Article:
You know them, and somehow not. We are not talking about our own neighbours, but about cars that existed so inconspicuous that only die-hard fans still know them today. Such models were not necessarily flops, but they fell under the radar of the average car buyer.

In our regular series entitled "Do you remember?", we bring such classics and modern classic cars out of the fog of oblivion.

The 2000s were a time of unconventional design at Seat. The third generation of the Toledo was also not given an uncontroversial look. At 4.47 metres, it was barely longer than the previous model, but at 1.57 metres it was significantly higher.

Gallery: Seat Toledo III (2004-2009)

Particularly from the front, the Seat Toledo III and the Leon of those days were difficult to tell apart. Then there was the Altea, which was intended as a compact van. However, its dimensions were very close to those of the Toledo.

The Toledo owes its name to the city of the same name in central Spain. It is located around 65 kilometres south-west of the capital Madrid in the autonomous region of Castilla-La Mancha and is also the capital of the province of Toledo.

The third generation of the Toledo (5P) was based on a new trend started by Renault with the Vel Satis, Fiat with the Croma II and Opel with the Signum to give their saloons a kind of van character, which was not very successful.

Seat Tango Concept (2001)

Seat Tango Concept (2001)

Originally, the new generation of the Seat Toledo was to follow the lines of the previous generations, as it was to be based on the look of the Tango prototype, with certain features being adopted in saloon format. Due to demand and the fashionable nature of the new concept, it was finally decided to take a risk and develop the model as a combination of saloon and five-seater MPV based on the Seat Altea.

Both models were designed by Walter de Silva on the "A5" platform (PQ35) of the VW Golf V, the second generation of the Audi A3 and the Skoda Octavia as well as the Volkswagen Golf Plus and Touran vans.

In addition to the debut of this new Toledo concept, several studies of a new tailgate system called "Twin Door" were analysed. Here, the tailgate could open as a short lid or completely as a hatchback. However, the idea only went into series production in the Skoda Superb II from 2008. The Toledo was finally given a boot lid that concealed a 500-litre luggage compartment, which could be extended to 1,440 litres when the seats were folded down.

Seat Toledo III (2004-2009)
Seat Toledo III (2004-2009)

The Seat Toledo III was presented as a near-production prototype at the 2004 Madrid Motor Show, followed by the production model at the 2004 Paris Motor Show, which was launched in November of the same year.

The differences to the Altea are limited to the rear. Its rear has inverted pillars and a split rear window. The change in appearance was so radical compared to the previous Toledo that public acceptance was low. The Altea was also offered in a longer version in a more traditional format, rumoured to be an estate version of the Toledo, which in this case was called the "Altea XL" before it was launched.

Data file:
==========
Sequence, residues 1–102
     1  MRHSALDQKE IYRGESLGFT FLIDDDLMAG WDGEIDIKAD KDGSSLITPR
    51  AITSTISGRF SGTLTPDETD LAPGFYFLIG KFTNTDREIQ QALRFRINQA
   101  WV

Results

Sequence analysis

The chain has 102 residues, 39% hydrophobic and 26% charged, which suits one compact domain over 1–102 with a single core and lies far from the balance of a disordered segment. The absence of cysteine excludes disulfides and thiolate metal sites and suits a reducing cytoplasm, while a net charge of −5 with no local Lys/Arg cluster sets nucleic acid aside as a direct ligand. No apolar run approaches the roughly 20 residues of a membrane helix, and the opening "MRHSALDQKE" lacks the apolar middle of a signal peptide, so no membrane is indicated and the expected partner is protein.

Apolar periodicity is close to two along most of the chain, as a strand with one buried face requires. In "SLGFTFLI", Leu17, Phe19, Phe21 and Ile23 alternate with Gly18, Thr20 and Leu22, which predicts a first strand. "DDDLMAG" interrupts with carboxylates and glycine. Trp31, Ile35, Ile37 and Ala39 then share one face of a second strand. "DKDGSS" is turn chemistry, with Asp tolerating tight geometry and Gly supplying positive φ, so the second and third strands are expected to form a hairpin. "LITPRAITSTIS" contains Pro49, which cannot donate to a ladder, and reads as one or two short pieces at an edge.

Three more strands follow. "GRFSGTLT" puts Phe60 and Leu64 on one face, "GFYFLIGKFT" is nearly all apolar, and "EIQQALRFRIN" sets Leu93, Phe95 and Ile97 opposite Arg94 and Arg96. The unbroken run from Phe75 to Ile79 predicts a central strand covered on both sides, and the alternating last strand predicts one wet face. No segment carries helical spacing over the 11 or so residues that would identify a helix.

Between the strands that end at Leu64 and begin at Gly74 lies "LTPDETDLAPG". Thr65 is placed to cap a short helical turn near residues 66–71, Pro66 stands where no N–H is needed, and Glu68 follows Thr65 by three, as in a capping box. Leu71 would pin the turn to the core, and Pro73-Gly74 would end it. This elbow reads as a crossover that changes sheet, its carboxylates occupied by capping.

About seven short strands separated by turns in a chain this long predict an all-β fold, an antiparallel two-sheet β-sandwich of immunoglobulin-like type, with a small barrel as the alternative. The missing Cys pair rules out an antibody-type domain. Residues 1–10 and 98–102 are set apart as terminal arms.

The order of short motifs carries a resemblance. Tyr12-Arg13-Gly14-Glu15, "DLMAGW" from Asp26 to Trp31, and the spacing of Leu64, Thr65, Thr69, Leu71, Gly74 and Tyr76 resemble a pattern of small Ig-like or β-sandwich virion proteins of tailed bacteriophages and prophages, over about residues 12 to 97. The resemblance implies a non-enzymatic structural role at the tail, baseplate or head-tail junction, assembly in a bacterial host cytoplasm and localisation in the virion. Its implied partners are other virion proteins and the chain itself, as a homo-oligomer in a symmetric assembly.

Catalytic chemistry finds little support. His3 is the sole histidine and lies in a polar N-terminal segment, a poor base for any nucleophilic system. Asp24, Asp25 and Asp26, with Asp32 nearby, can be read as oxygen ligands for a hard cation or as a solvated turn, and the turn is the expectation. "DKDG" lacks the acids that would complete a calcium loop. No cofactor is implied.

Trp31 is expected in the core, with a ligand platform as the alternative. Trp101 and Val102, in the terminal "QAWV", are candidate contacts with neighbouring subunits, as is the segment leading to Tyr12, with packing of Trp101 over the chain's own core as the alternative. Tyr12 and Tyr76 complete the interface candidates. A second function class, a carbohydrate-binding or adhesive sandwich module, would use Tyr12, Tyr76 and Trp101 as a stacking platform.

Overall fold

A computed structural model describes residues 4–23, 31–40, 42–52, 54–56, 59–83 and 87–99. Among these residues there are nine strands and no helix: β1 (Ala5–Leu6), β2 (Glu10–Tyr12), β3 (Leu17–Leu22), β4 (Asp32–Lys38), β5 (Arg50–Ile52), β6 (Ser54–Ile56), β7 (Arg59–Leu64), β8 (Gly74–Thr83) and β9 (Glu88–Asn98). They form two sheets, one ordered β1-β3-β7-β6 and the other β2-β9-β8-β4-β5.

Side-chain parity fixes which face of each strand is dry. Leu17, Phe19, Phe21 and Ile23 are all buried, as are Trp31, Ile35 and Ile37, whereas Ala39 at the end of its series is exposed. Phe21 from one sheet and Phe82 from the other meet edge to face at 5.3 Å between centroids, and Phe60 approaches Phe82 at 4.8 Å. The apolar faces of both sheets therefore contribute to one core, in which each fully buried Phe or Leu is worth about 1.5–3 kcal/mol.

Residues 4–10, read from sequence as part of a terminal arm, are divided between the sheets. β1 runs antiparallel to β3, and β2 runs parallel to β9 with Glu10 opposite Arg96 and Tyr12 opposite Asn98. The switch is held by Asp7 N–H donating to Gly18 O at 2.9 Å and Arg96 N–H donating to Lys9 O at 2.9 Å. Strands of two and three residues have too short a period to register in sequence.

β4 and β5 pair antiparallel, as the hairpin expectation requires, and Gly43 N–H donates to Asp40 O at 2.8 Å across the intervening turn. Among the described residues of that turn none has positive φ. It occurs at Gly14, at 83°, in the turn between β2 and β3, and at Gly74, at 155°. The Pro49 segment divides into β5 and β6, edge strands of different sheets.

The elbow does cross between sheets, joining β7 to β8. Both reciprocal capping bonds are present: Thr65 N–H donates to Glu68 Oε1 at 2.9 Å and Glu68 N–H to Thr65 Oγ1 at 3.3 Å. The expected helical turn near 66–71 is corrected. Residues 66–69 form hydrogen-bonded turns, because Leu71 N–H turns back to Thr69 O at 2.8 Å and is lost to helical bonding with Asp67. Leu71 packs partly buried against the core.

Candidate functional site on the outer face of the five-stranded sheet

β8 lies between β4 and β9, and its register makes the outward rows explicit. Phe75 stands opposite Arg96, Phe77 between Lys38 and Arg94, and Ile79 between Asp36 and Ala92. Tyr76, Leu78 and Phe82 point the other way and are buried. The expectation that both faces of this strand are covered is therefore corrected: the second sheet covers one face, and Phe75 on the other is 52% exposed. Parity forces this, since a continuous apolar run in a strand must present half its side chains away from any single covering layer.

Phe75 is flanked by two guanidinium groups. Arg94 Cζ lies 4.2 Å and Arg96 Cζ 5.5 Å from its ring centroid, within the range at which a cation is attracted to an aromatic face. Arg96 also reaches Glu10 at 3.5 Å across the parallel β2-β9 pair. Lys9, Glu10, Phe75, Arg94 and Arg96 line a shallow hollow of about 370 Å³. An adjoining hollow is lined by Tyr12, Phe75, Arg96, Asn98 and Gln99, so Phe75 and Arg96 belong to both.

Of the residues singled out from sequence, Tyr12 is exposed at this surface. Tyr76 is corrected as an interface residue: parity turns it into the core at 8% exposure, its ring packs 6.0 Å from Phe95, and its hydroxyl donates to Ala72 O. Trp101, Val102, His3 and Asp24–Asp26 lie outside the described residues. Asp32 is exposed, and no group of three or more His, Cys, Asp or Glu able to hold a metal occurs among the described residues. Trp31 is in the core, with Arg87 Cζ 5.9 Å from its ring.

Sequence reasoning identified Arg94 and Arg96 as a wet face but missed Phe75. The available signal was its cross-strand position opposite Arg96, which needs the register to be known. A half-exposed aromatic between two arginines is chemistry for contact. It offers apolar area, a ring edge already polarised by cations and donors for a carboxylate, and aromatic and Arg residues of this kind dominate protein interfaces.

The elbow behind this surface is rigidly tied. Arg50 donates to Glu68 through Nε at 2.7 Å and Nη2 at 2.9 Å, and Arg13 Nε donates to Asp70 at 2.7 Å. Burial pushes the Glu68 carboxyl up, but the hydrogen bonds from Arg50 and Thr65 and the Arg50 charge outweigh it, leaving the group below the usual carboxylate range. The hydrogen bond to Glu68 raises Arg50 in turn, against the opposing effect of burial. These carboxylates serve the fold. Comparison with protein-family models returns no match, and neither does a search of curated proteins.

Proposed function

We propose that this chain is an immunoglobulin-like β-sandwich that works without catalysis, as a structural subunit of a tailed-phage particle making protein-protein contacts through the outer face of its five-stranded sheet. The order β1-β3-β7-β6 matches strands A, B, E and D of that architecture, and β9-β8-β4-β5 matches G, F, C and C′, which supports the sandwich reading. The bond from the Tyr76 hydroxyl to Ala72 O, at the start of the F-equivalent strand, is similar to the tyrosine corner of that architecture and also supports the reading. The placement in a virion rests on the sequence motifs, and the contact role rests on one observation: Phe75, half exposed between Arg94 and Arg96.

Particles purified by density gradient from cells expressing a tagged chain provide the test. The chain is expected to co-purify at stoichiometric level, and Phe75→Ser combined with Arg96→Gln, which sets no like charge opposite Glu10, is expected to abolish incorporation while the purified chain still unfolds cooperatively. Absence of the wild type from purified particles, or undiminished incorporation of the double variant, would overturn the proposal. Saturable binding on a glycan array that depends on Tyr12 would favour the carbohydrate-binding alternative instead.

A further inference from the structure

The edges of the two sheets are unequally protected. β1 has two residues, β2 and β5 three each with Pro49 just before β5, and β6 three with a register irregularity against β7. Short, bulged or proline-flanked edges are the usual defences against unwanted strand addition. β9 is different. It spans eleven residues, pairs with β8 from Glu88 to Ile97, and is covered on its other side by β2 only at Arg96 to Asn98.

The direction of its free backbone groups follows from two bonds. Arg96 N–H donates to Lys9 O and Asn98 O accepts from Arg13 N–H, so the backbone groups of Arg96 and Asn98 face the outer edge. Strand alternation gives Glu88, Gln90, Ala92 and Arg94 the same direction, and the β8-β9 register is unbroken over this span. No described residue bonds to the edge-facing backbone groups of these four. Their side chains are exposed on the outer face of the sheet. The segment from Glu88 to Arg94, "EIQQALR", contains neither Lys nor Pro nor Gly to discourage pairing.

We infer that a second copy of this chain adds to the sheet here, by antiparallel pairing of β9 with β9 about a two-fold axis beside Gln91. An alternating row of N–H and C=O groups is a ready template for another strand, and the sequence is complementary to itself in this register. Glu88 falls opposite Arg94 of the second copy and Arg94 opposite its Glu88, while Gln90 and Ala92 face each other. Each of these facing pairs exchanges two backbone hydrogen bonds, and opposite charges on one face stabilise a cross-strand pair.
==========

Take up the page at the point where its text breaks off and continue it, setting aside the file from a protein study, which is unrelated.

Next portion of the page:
The Seat Toledo III was torn between the Leon and the Altea, and its polarising design was another factor. Seat only offered the Toledo III for five years, between 2004 and 2009. The rear end in particular appeared very bulky to onlookers.

Seat Toledo III (2004-2009)
Seat Toledo III (2004-2009)

In a 2005 driving report, we wrote: "Anyone who remembers the old notchback models of the Seat Toledo will hardly recognise the new model. It is a sleek, tall family car whose shape makes it more of a van than a saloon. It's the rear end in particular that causes controversy: the panoramic windscreen from the 1950s and the stubby step in the tailgate divide opinion about the rear end."

Depending on the respective market, the Seat Toledo III's engine range started at 86 PS from a 1.4-litre displacement or a 1.6-litre with 102 PS. The diesel engines ranged from 105 to 170 PS. The most powerful Seat Toledo III was not available in Germany: it was powered by a 2.0-litre TSI with 200 PS.

Seat Toledo III (2004-2009)

With grey-on-grey tones and a plastic look for the instrument surrounds, the dashboard was not one of the prettiest, but made up for this shortcoming with good functionality.

The Toledo 2.0-litre TDI was really sporty and agile to drive in 2005. The chassis was comfortable enough to do justice to a family car and firm enough to iron out free motorway passages cleanly. Even sporty bends caused the Toledo to sway only slightly. At that time, the Seat Toledo 2.0 TDI DSG in the Stylance equipment line cost €25,090 in Germany.

In June 2008, Seat announced that its new D-segment car, which utilised the platform of the third-generation Audi A4, would be called the Seat Exeo, thereby ruling out the possibility of it becoming the Seat Bolero or the fourth-generation Toledo.

Production of the Seat Toledo III ended in September 2009, after which the Toledo took a break for three years. However, a new generation was in development and was launched on the market in October 2012. This Seat Toledo IV was largely identical in construction to the Skoda Rapid.